Jason Lee, founder of JobConcierge, says that his experience with HarVa has been very positive. “I did have concerns regarding the quality and effectiveness of their team before we started outsourcing to them. But we set up very specific processes for specific job titles, and I found them to be extremely capable.”

On the farming front, until now HarVa has aggregated around 100 acres of farmland under the community farming model to grow cash crops like aloe vera, lemon grass and chamomile in a more productive manner and also help the farmers get better prices. As it goes deeper into the rural community with its different services, HarVa hopes to have a larger network of community farming. The idea is to get into specialty produce that can fetch higher margins. This activity may eventually get spun off as a separate organization under the name of HarVa Farms.

With its linkages in the rural community, will HarVa also become a distribution channel for FMCG companies looking to reach into the hinterland? No, says Chaturvedi. He believes that treating the rural economy as a consumerist economy is a huge mistake. “Then you are not tapping the real value of rural India. You are only selling into it,” he says.

So how will HarVa make money and be self-sustaining? Chaturvedi says that until now he has invested Rs. 1.5 crore (US$280,000) in the venture. While initially there were some high net-worth investors, Chaturvedi parted ways with them because of differences in approach. The venture now is fully self-funded. Sailesh Giri, chief information officer (and founder of Drash, the rural BPO firm which was acquired by HarVa), says that 60%-70% of the cost is towards putting in effective and innovating technology solutions for the centers. Says Giri: “As CIO, my biggest priority is to find and implement technology that’s based on low-cost innovation.”

According to Chaturvedi, it costs around Rs.15-20 lakh (US$28,000-US$37,000) to set up a digital hut, and each unit can become profitable within a period of four months. For the year ended March 2012, he says, HarVa has notched revenues of Rs. 3.5 crore (US$652,000) and is a profitable venture. Currently, all the revenues are from the BPO operations. Chaturvedi estimates that in a year from now, BPO will account for 50%-60% of the revenues, student helpdesk will account for around 30% with the farming helpdesk and microfinance accounting for the rest. Over time, microfinance is expected to rake in bigger revenues, but it will get hived off as HarVa Finance, a separate organization.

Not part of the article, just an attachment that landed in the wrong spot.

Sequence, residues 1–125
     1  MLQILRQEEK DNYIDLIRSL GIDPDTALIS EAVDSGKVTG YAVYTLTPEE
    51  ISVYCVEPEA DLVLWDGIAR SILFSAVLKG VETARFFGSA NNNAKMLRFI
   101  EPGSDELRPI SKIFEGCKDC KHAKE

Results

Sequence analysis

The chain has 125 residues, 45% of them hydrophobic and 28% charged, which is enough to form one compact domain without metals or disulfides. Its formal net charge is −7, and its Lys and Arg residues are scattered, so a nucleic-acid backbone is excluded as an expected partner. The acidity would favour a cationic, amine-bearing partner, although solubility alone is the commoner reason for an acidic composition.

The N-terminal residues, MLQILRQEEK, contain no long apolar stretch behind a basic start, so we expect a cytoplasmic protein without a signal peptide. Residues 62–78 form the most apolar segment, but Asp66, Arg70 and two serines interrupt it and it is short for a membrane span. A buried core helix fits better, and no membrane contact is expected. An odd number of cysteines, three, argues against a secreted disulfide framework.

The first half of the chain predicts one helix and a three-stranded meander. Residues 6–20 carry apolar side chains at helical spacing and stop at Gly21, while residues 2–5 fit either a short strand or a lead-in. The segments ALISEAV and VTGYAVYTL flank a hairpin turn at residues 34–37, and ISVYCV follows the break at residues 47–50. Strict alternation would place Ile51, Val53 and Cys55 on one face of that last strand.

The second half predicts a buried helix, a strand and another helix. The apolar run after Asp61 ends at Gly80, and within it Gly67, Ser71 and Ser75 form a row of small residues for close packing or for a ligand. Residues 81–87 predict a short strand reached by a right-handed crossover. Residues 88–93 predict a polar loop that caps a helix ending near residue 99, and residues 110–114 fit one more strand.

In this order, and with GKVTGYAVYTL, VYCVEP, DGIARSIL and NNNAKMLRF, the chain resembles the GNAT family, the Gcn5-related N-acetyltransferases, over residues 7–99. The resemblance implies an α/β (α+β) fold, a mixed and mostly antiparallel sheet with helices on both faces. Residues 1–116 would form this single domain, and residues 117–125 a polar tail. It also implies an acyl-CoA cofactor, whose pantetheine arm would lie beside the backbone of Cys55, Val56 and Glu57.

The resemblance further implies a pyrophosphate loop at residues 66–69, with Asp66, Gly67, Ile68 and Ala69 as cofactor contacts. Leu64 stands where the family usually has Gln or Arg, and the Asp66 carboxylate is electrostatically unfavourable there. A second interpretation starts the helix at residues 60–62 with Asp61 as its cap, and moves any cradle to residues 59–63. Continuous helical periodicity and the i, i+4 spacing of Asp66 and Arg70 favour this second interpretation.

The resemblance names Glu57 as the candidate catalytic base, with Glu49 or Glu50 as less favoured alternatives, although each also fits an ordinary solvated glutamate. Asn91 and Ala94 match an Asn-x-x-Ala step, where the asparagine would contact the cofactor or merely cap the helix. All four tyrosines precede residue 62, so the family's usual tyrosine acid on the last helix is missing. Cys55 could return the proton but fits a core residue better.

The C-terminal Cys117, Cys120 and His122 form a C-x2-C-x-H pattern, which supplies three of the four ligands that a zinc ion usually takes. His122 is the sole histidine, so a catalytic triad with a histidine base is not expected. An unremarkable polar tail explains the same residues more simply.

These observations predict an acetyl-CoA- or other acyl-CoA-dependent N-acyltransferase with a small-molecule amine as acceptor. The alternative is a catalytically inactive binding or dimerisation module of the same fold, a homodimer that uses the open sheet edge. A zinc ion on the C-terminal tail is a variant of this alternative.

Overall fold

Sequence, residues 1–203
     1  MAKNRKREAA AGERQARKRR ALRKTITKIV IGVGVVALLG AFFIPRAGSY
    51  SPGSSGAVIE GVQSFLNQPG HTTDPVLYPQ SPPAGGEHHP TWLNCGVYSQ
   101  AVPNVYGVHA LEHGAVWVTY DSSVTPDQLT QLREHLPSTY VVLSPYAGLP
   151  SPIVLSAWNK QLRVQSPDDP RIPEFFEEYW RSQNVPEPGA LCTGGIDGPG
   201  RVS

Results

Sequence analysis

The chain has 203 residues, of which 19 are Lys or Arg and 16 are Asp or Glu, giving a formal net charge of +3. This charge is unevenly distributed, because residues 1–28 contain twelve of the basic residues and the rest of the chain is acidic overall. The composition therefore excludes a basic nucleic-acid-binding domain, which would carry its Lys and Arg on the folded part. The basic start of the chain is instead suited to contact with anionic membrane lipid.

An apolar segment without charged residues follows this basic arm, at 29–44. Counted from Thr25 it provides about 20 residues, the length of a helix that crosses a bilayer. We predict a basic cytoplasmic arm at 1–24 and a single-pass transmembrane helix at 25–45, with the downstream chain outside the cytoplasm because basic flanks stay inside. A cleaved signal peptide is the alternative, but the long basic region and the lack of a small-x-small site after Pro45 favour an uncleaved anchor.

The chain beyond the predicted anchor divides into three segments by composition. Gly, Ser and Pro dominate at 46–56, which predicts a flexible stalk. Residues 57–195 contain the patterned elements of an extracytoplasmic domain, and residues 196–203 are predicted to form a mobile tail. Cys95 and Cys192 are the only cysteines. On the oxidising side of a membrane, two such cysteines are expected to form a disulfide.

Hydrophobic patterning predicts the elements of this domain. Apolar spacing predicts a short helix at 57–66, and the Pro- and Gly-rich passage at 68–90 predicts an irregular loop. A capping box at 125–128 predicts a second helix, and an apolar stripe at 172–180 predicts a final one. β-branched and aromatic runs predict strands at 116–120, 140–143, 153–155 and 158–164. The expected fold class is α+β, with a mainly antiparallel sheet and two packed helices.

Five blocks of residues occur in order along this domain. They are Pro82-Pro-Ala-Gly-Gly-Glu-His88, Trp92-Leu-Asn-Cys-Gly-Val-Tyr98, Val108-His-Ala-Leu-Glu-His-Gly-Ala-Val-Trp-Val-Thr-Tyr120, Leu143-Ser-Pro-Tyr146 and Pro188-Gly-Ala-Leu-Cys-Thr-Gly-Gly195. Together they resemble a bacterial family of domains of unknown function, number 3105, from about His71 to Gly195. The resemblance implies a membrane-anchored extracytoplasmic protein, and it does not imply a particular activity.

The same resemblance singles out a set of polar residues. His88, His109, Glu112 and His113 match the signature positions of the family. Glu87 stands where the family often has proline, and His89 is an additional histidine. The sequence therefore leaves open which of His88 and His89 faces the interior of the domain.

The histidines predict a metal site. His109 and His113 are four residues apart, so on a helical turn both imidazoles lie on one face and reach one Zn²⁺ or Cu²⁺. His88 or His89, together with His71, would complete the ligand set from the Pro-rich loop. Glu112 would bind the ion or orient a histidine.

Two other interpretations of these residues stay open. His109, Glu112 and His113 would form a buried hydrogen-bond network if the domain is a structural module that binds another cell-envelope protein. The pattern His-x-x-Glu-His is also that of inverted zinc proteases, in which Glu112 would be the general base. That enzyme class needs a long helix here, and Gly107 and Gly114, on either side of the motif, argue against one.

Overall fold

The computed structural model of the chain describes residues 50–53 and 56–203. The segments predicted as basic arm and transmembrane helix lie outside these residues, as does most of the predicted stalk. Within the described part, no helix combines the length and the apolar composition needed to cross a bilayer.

A Bumpy Road Ahead

Even as Chaturvedi is planning for the future, he realizes that the going will not be all smooth. “It is like trying to put a road map where there is no road at all,” he says. One of the key challenges that he has identified is attracting and retaining good managers. “This is the primary reason that we have not been able to grow to 1,000 employees by now, as was our initial target,” admits Chaturvedi. Adds Giri: “We are devising ways to address this by training local people.” HarVa tried to overcome this constraint by taking the franchise route for its BPO operations and at one time had as many as 15 digital huts. But it decided to drop this model because of the difficulty in ensuring quality. In order to prevent its managers from leaving for greener pastures, Chaturvedi has given them a stake in the organization. To drive productivity, he has linked their compensation to the profitability of their unit. He is also looking to strengthen top level management.

Meanwhile, other questions remain. Sridhar Mitta, founder of NextWealth Entrepreneurs, a social entrepreneurship organization, believes that HarVa “seems to lack focus for a start-up.” Mitta says: “HarVa talks about rural BPO, community farming, microfinance, etc. Do they have commensurate resources for doing so many things?” Mitta further points out that “there is no evidence about [HarVa’s] scaling capability and the ‘real value harvested from rural India’ in absolute terms.”

According to Venugopal, given the diversity in India’s villages, the key to the sustainability and scalability of HarVa’s model is not having a one-size-fits-all approach. The need is to adopt a flexible framework. Says he: “In theory, [Chaturvedi] is adopting this approach, but only time will tell the long-term sustainability of this venture.”

Kathuria echoes a similar sentiment. “Replicating a similar model in other states and villages is entirely possible but not with a one- size-fits-all approach.” But he notes that the HarVa team has learned from its mistakes to arrive at the best possible business model. And “trial and error,” he points out, “is as good as any approach in an uncharted environment.”